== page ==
I asked how polished the final product would have to be in such an author-editor relationship given that the paper or book would then go through the publisher’s own editorial process. Harrison said he’s found that less editing is happening at the level of the publisher. In fact, some publishers’ “Guide to Authors” explicitly mentions that if English isn’t your first language, you should strongly consider having your work looked at by an editor prior to submission, and he’s gotten a lot of work that way. He added that he works under the assumption that he’ll be the last person to touch the manuscript from a language point of view.
At a recent editorial retreat, a very experienced editor was telling us about how clients sometimes question why the research for a single piece of information can take what seems like an unreasonable amount of time. “The author had provided a photo of a bridge he wanted to use and a caption for it. I searched the name in the caption, found a photo, and it was the wrong bridge. So I looked at maps of where this bridge was supposed to be and tried to find pictures of landmarks close to it…” She ran into one dead end after another, until finally, after hours of searching, she found another photo of the bridge from a different angle, and a name to go with it. “That’s the bridge. So I changed the caption, but finding the right name took the whole day.”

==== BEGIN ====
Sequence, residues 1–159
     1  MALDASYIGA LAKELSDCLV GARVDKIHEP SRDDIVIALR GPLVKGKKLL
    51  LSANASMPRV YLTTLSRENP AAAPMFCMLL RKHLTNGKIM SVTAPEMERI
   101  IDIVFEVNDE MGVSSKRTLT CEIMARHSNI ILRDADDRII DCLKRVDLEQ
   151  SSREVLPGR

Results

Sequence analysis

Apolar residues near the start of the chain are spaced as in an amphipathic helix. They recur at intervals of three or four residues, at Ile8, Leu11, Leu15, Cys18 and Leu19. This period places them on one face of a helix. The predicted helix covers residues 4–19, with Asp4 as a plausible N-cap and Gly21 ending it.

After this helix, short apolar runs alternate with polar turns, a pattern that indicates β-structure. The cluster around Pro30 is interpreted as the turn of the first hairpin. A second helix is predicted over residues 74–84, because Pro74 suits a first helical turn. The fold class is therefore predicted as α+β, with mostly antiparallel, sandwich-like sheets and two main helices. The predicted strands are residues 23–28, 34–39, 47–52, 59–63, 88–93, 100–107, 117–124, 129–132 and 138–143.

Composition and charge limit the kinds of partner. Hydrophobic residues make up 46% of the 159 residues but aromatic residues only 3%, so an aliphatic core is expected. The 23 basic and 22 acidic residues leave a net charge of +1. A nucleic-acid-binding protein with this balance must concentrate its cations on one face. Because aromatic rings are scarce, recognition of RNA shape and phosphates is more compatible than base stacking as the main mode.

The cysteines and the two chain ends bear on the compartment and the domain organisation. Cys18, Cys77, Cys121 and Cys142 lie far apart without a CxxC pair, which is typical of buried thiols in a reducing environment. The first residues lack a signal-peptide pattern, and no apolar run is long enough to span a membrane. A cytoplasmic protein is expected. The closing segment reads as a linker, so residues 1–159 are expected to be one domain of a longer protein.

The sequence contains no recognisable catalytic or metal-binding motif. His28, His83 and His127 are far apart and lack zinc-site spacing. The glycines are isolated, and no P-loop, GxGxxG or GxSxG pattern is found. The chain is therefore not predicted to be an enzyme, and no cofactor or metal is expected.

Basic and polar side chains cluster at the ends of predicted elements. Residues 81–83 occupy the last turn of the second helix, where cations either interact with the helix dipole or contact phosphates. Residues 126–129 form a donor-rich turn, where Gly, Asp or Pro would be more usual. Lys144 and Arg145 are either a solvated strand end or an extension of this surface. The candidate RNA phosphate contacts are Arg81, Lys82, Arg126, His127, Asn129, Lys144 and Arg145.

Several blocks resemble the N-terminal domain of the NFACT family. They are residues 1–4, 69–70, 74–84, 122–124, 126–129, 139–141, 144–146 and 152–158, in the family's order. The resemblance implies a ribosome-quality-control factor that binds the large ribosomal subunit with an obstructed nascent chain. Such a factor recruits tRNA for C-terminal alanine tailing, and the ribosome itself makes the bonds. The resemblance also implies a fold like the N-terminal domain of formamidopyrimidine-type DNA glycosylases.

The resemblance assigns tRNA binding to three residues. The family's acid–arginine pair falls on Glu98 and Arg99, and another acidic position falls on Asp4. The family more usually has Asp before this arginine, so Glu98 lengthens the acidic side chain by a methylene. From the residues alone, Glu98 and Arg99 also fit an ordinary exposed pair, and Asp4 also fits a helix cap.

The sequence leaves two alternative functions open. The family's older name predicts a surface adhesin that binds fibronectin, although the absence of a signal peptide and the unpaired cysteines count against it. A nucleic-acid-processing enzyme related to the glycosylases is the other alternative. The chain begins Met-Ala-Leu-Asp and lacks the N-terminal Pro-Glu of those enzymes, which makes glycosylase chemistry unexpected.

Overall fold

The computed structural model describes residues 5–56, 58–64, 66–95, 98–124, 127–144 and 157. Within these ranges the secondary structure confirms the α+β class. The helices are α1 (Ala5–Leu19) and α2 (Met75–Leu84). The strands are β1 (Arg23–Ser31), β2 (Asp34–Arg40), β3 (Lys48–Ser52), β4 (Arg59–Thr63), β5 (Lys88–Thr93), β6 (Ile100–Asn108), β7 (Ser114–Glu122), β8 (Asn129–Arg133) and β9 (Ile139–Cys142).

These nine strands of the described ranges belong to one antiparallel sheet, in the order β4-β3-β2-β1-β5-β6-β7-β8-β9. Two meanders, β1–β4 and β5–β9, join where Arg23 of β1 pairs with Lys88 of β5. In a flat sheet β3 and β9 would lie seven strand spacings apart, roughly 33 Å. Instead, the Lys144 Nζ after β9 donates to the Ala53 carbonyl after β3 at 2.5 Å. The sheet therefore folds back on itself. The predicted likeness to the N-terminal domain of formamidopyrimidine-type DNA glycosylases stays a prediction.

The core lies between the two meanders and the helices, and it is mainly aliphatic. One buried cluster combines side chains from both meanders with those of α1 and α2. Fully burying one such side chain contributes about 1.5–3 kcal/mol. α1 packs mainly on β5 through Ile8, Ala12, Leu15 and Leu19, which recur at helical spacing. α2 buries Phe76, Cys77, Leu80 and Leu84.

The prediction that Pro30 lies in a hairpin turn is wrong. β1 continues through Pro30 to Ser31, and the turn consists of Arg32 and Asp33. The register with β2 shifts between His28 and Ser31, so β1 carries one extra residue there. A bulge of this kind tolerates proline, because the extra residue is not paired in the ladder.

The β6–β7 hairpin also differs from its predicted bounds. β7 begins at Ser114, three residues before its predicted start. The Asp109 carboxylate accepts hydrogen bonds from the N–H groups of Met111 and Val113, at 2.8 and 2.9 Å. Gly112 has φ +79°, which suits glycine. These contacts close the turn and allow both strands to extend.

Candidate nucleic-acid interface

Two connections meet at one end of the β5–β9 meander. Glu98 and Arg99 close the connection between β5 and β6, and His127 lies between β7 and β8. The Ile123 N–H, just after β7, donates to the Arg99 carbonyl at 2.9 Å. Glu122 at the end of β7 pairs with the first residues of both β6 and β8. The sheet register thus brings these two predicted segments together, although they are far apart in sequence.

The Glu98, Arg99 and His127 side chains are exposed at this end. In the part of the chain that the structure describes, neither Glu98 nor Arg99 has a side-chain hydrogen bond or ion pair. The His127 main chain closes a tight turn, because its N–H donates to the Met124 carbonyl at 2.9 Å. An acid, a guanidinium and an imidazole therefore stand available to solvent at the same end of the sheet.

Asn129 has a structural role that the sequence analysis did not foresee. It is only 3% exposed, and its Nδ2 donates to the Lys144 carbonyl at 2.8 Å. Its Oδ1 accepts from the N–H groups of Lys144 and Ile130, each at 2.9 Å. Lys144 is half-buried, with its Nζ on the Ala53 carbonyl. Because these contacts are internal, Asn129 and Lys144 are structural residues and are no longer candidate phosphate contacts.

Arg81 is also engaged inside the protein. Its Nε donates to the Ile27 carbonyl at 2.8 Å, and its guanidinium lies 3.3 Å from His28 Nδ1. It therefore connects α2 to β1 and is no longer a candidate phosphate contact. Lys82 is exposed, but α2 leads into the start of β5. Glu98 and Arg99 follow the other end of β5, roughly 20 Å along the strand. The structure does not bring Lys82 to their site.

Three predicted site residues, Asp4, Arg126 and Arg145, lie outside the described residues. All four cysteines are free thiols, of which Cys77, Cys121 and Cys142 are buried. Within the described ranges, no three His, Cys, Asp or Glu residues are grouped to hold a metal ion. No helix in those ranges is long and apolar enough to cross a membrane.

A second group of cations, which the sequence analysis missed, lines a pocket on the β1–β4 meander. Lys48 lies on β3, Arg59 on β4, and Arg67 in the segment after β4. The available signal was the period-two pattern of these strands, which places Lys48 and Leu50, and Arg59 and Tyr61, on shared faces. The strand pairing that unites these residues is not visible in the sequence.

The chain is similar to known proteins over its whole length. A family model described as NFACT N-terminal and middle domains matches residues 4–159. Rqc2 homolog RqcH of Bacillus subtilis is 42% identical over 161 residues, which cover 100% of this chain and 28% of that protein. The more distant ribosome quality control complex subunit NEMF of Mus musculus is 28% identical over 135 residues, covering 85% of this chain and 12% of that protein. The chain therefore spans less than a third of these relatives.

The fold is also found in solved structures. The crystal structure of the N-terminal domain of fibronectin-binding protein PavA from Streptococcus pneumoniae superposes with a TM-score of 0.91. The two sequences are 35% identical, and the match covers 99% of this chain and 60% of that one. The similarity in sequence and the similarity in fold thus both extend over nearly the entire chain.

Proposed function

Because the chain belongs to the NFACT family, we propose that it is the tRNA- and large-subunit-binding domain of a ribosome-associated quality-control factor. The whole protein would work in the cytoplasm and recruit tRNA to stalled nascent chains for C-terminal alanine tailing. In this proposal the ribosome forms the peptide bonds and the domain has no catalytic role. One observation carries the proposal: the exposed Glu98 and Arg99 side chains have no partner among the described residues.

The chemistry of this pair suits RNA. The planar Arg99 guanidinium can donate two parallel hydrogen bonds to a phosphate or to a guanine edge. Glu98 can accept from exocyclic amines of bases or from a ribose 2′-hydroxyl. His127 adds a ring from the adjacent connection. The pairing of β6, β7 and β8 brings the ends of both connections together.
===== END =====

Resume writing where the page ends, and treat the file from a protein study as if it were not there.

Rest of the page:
“What would you have done before the Internet?” another editor asked.
“Nothing. There would have been an error in the printed book.”
That conversation made me think quite a bit about the accuracy of sources we consider reliable and this whole business of fact checking in the editorial process. Editors—copy editors in particular—are expected to check facts within the realm of general knowledge; with Google, though, more and more can be considered to be part of that realm. Does this mean that more of the onus of fact checking falls on the editor rather than the author? Much has been said about the unreliability of online information, but are print sources really any better? Didn’t the past lack of Internet search engines just mean that copy editors of yore simply couldn’t spend the time to track down primary sources of information? I can think of two projects I worked on over the past year that were new editions of print-only books, where authors used the old edition as a basis for the new book and my Internet searches revealed errors in their earlier text. I can only imagine that this now happens all the time, meaning that books, if they are properly fact checked, are probably more reliable than they have ever been.